Sunday, February 18, 2007

Setting up for the Open House - Hanging the Quilts

Let me say upfront: Textiles are a royal pain. This realization came as I gathered the quilts I'd chosen to display and started hanging them. I had 18 altogether, 3 of which were already hung. The smaller ones posed fewer problems, but most of them had been folded at least once when stored. They would need a little steaming and blocking. And then there were the strings and lint that always find their way onto the work. Then I needed to figure out a way to hang most of them such that I wouldn't be faced with spackling and painting when the majority of them came down. I couldn't help but think how much easier this all would be if I were hanging paintings.

The way I normally hang my quilts, depending on size, is by either resting the ends of the hanging dowel on push pins inserted in the wall, or for the larger ones, inserting eyelets in the ends of a slat and slipping those over conventional picture hooks. For my temporary installation, I ended up using two methods. Thanks, Cindy, for reminding me about those 3M plastic hooks that are applied by removable adhesive strips. Supposedly, these won't rip off paint and wall board when I'm ready to remove the hooks from the wall. The only problem was that there wasn't enough gap in the hook for my dowels to slip into..

I envisioned that I could attach picture wire to either end of a dowel and hang each quilt from a single hook, just like a painting. Dream on. I sew my sleeves within 1/2" of the top of the quilt. No matter how tightly I stretched the wire, it pulled above the quilt top, leaving both wire and hook clearly visible. Not the look I wanted. Then it occurred to me, what if I insert a safety pin in the sleeve at the center? Would it slip over the hook and the quilt edges stay flat, particularly if I left the dowel resting in the sleeve?

Yes indeed, on the smaller quilts this worked great. A bit of the hook still showed at the top, but since they were clear, it wasn't readily visible from a distance. I might add, I tried both regular safety pins and the bent quilting pins. The bent ones actually worked better.

These hooks were rated to 1/2 a pound, so I wasn't comfortable using a single one for the larger quilts. But if I spaced two horizontally the width of my dowel, could I use the picture wire to make loops on the end of the dowel and slip those over the hook? This was a bit trickier, and next time I'll do it a bit differently, but the general idea worked.

Here are two quilts hung in this fashion. While I might decide to use the space above the trunk to display art, I certainly wouldn't choose to permanently hang a quilt as I have on the adjacent wall. Thus the need for a hanging system that wouldn't leave tracks.

The two smaller quilts in the picture below were hung by the single hook/safety pin method. They flank a space where I had hung a large framed print. I stored the print away and intended to use the hook to hang this similarly-sized quilt with the wire strung on the dowel. When that failed, I had a silly notion. You don't suppose that the dowel would rest on top of the picture hook and balance in place? To my surprise, it did. But would it be prone to falling off at the slightest breeze. Nope. I'd stumbled upon a great solution for areas where I didn't mind putting up a hook.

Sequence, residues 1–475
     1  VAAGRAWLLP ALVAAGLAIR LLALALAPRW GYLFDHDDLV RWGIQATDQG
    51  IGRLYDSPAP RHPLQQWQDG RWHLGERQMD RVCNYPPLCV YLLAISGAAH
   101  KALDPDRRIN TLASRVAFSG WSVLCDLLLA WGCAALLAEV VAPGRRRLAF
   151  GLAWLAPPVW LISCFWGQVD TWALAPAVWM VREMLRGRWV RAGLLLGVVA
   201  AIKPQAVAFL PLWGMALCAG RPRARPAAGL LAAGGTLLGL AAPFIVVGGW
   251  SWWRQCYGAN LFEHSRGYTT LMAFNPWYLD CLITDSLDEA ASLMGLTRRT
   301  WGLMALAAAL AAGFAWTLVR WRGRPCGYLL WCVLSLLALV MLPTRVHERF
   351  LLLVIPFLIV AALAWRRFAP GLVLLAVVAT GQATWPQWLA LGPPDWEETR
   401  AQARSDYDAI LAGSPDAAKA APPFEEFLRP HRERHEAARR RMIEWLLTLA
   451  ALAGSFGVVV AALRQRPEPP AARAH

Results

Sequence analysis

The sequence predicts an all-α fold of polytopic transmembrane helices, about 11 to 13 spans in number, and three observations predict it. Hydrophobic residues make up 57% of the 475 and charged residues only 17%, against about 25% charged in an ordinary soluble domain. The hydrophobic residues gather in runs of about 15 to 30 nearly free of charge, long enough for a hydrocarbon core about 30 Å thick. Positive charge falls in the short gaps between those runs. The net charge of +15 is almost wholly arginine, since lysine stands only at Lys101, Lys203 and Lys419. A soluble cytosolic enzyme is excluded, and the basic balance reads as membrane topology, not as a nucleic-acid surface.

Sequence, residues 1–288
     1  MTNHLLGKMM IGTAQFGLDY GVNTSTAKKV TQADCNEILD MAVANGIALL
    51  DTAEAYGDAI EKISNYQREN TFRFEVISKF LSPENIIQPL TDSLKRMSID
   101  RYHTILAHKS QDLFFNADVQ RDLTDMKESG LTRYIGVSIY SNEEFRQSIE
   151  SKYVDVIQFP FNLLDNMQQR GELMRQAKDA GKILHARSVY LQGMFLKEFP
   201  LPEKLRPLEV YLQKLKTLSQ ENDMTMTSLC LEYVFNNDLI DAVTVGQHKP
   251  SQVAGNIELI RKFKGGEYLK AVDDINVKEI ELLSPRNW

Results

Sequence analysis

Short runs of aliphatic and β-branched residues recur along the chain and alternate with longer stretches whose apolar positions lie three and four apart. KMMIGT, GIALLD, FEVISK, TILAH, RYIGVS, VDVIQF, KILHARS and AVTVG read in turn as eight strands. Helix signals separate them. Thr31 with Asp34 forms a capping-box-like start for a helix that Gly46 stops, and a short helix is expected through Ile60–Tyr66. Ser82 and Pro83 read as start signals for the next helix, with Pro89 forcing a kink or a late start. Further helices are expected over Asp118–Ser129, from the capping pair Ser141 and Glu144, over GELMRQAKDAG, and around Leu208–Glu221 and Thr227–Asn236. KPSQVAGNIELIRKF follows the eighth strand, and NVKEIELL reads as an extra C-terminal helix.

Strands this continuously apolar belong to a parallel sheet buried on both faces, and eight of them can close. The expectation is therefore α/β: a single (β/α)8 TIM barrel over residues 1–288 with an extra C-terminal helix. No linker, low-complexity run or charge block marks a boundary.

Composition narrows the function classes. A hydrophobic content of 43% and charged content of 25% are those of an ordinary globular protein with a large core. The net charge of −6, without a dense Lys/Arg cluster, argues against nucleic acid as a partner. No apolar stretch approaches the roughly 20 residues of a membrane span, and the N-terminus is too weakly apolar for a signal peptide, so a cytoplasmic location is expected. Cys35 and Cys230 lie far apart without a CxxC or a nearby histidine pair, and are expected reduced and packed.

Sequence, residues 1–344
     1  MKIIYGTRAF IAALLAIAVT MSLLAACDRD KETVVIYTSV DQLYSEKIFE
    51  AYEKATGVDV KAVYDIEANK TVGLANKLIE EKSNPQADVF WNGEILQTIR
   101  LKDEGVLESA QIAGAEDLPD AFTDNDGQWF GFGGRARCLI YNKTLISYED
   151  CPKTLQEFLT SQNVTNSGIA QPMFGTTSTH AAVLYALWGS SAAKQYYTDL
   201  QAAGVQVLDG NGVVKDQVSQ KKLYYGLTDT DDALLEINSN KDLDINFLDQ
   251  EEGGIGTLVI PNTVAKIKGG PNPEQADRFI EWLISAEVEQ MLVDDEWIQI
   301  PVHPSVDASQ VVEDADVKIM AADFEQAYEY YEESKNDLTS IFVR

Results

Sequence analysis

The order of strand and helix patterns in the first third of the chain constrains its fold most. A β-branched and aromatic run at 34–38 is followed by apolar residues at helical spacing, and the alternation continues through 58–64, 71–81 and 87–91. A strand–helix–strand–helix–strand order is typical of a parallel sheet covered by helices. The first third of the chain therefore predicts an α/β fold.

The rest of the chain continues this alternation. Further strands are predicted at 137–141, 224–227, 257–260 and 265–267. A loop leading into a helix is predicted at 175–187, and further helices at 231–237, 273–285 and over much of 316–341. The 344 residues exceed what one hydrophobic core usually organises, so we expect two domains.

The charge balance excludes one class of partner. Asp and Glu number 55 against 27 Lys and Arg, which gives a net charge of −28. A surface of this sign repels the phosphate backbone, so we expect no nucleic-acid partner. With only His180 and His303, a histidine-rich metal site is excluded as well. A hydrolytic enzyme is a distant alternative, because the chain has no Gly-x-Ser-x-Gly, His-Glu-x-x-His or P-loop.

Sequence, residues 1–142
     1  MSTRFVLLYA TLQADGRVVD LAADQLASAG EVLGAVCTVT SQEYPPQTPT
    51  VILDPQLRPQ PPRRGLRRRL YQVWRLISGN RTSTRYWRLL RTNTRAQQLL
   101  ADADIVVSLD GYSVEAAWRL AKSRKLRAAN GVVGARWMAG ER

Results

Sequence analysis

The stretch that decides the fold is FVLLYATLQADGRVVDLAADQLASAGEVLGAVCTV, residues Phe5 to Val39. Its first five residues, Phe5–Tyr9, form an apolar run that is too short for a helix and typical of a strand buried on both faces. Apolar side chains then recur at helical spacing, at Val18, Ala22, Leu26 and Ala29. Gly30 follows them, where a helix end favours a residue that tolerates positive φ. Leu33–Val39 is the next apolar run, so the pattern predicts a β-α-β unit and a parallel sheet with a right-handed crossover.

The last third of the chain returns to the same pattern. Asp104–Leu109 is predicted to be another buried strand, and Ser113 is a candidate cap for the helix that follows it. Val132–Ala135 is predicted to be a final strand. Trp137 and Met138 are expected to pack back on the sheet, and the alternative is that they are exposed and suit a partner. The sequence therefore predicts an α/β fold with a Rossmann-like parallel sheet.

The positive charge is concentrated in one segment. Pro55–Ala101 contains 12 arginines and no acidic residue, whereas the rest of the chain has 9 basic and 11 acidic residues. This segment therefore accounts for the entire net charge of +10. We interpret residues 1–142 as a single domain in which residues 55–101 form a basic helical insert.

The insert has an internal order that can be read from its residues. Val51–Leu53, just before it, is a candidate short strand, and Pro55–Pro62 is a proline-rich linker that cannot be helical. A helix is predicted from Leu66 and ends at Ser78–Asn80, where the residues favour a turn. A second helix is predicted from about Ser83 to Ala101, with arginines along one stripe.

In addition to the quilts hung on the wall, I interspersed some of my favorite journal quilts and one 12 x 12 quilt as you can see in these last two pictures. Click on any picture for a larger view. These have no hanging sleeves and I wasn't about to add any to them. Instead, I thought I could use easels and this worked very well. In fact, I plan to leave some of them sitting out in my living room because they look so good that way. They weren't quite stiff enough though, so I had some mat board cut slightly smaller than the quilts and slipped one behind each journal quilt.

I found these relatively cheap (under $2) plastic easels at Ben Franklin. They came in clear and black and I bought some of each, plus two more expensive wood ones to augment several I already had on hand.

After everything was in place, I added signage. The simple way to go was to print just the title and year of each piece (excepting the journal quilts) on a 3-1/2 x 5 index card. More information was available on the separate price list placed on the table with my business cards, guest book and artist information. In cases where I had exhibit postcards or specific artist statements, such as for "Camelot" and my Changing Perspective piece, I put those on the wall as well. These were held in place with a little putty designed for the purpose.

I spent time over two days getting all this up, making sure I was done a good 24 hours before the guests arrived in case there was a problem with falling quilts or signage. Remember, this was my first go at this and much of my method was trial and error.

More to come...


Anonymous said...

I use the 3M tabs all the time for my small wall hangings. For some of my smaller quilts, I use a ruler that is thin enough to fit into the tab part as well as thin wooden moldings (these were leftovers from various home projects). For my larger wall quilts, I use carpet metal strips or door threshold strips and just tape (using masking tape) a couple together to get the exact width. These work for me all the time. I bought different sizes and then just need to pick and choose and tape for any width.
Rose Marie

The Idaho Beauty said...

Thanks for the additional information. I've not heard of using the metal strips before, especially taping them together! Will have to give your methods a try.